Thanks to public money and political muscle, sports leagues on a roll

Now that billionaires have discovered Sacramento is eager to give them public money, and a big-shot politician like Senate President Pro Tem Darrell Steinberg is eager to gut environmental protections for  a Kings arena project, expect another pro sports business to hop aboard the gravy train.

That would be Major League Soccer, which is making overtures to Elk Grove and Sacramento.  Elk Grove stepped into the slop last month when its City Council agreed to start looking for a site for a sparkling new soccer stadium, perhaps a $100 million one, that would be home for an MLS franchise some day.

The stadium and franchise plan pits Elk Grove against Sacramento in a race to get an MLS team, the Sacramento Bee reported last month. Sacramento gained a lower-division United Soccer League team in December, with an eye toward transitioning to a plum MLS franchise.

An ownership group led by former state Assembly Speaker Fabian Núñez and Sacramento sports attorney Richard Hyde signed an exclusive agreement with Elk Grove in December 2011 to pave the way for the franchise and stadium.

“I feel very confident I will be able to deliver an MLS team to Elk Grove,” Núñez said.

In Wednesday’s Bee, columnist Marcos Breton, a cheerleader for subsidizing arena billionaires, announced that MLS commissioner Don Garber had tweeted him to say he coming to Sacramento next month to check things out. Credit Garber for knowing sympathetic columnists in cities with grandiose aspirations.

Where MLS goes, the politicians and lobbyists are rarely far behind. The league, which has 19 teams nationwide, three of them in California, is pushing hard to build a stadium on city-owned parkland in Queens. It takes a lot of political muscle to get 13 acres of public parkland for free in the Big Apple.

So what sports group turns out to have major league expenses for lobbyists.  Major League Soccer, of course. The league ranked third in spending in New York State last year with more than $2 million paid out to twist political arms, according to the New York Times. A business group supporting Gov. Andrew Cuomo topped the list at $4.2 million. ExxonMobil was second.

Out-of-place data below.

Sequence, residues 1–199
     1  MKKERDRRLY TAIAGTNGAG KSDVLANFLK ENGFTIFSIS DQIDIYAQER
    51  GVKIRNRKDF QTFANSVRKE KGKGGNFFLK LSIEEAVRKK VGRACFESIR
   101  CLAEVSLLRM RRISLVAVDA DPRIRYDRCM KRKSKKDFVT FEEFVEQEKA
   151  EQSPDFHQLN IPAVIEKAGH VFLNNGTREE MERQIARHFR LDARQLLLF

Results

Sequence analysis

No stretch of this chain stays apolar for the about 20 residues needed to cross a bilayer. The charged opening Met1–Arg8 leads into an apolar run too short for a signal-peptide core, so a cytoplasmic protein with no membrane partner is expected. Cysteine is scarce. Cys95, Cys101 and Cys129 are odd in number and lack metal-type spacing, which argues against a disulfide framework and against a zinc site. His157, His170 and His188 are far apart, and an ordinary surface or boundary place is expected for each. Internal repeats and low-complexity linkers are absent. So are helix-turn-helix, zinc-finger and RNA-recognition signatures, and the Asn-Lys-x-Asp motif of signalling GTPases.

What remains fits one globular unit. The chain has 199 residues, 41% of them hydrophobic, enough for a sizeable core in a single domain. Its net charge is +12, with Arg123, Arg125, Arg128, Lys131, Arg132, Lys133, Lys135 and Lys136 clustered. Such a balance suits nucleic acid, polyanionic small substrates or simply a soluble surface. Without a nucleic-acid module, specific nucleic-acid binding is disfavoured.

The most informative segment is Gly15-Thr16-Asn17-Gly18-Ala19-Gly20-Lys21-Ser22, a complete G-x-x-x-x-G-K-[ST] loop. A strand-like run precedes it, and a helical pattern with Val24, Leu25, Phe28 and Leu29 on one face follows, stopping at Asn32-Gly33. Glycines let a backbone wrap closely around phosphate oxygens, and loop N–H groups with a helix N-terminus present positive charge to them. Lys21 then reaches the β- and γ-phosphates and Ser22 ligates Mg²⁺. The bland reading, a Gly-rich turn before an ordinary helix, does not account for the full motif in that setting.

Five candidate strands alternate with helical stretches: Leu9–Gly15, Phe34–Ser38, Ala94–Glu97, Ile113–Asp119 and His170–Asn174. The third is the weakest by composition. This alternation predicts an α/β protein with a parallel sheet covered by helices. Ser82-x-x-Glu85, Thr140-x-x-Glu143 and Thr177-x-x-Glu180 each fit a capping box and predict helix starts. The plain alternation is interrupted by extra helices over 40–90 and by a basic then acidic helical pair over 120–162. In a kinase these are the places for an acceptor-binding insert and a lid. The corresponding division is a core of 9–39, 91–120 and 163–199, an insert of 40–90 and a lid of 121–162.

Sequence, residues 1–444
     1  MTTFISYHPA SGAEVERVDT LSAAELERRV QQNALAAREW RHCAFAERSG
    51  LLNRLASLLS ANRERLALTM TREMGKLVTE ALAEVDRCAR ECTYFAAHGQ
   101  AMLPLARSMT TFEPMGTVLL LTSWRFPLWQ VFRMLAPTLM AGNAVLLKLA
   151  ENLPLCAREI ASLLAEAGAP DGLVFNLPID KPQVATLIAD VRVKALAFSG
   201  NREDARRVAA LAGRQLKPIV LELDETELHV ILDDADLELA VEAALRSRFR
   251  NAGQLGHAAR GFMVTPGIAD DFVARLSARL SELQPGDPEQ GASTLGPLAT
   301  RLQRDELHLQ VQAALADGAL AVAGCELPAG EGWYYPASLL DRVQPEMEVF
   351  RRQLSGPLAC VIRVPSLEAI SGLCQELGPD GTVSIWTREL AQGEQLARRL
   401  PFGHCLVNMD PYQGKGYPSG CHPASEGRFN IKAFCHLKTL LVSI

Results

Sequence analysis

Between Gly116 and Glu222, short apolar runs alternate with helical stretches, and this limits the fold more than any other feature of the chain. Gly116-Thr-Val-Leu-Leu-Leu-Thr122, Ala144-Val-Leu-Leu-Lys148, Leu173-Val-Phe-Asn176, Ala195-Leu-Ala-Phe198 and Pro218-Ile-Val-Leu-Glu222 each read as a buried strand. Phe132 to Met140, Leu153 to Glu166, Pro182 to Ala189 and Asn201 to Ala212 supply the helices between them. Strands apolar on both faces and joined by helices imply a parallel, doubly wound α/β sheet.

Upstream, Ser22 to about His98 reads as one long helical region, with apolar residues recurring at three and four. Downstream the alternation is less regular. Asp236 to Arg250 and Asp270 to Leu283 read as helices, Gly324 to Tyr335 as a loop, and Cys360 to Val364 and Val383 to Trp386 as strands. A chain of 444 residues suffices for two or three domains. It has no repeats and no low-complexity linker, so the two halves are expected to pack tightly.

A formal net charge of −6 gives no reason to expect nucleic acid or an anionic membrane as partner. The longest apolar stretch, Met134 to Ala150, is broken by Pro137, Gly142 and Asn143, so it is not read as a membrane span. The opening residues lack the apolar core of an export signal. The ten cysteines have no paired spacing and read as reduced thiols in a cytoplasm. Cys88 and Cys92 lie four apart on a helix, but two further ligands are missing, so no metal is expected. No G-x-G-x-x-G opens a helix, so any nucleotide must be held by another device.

Mix sports,  politicians and public money and you get a brew that’s poisonous to the interests of average folks who foot the bill.

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5 Responses to Thanks to public money and political muscle, sports leagues on a roll

  1. Jason says:

    Per today’s news, I guess the NBA really wants Sacramento’s parking dollars.

  2. bbbbmer says:

    The group that owns the Rivercats is also seeking some sort of soccer franchise, proposing to use HUGHES STADIUM as its base, requiring little, if any, public subsidy for a new facility… and I’m betting they can make a successful go of it, unlike the Kings…

  3. Jason says:

    When Marcos Breton first tweeted about MLS, the first thought in my mind is that they are positioning themselves to step in if the arena deal falls through as they correctly smell some money in the air. If the Kings, MLS will gladly claim the mantra of being the only major league sports franchise in town. Maybe the same whales could play too- Ranadive to make soccer more popular in cricket-mad India. Bee columnists could fantasize about global soccer stars playing exhibitions in Sacramento. Senator Steinberg could draft his CEQA “reform” bill to enable a soccer stadium to qualify. The MLS may be sniffing what the NBA leaves behind and Sacramento, sadly, seems to willing to oblige.

    And in New York, taking away parkland to build a ballpark isn’t new. The New Yankee Stadium sits on what used to be parkland serving some of the poorest people in the United States.

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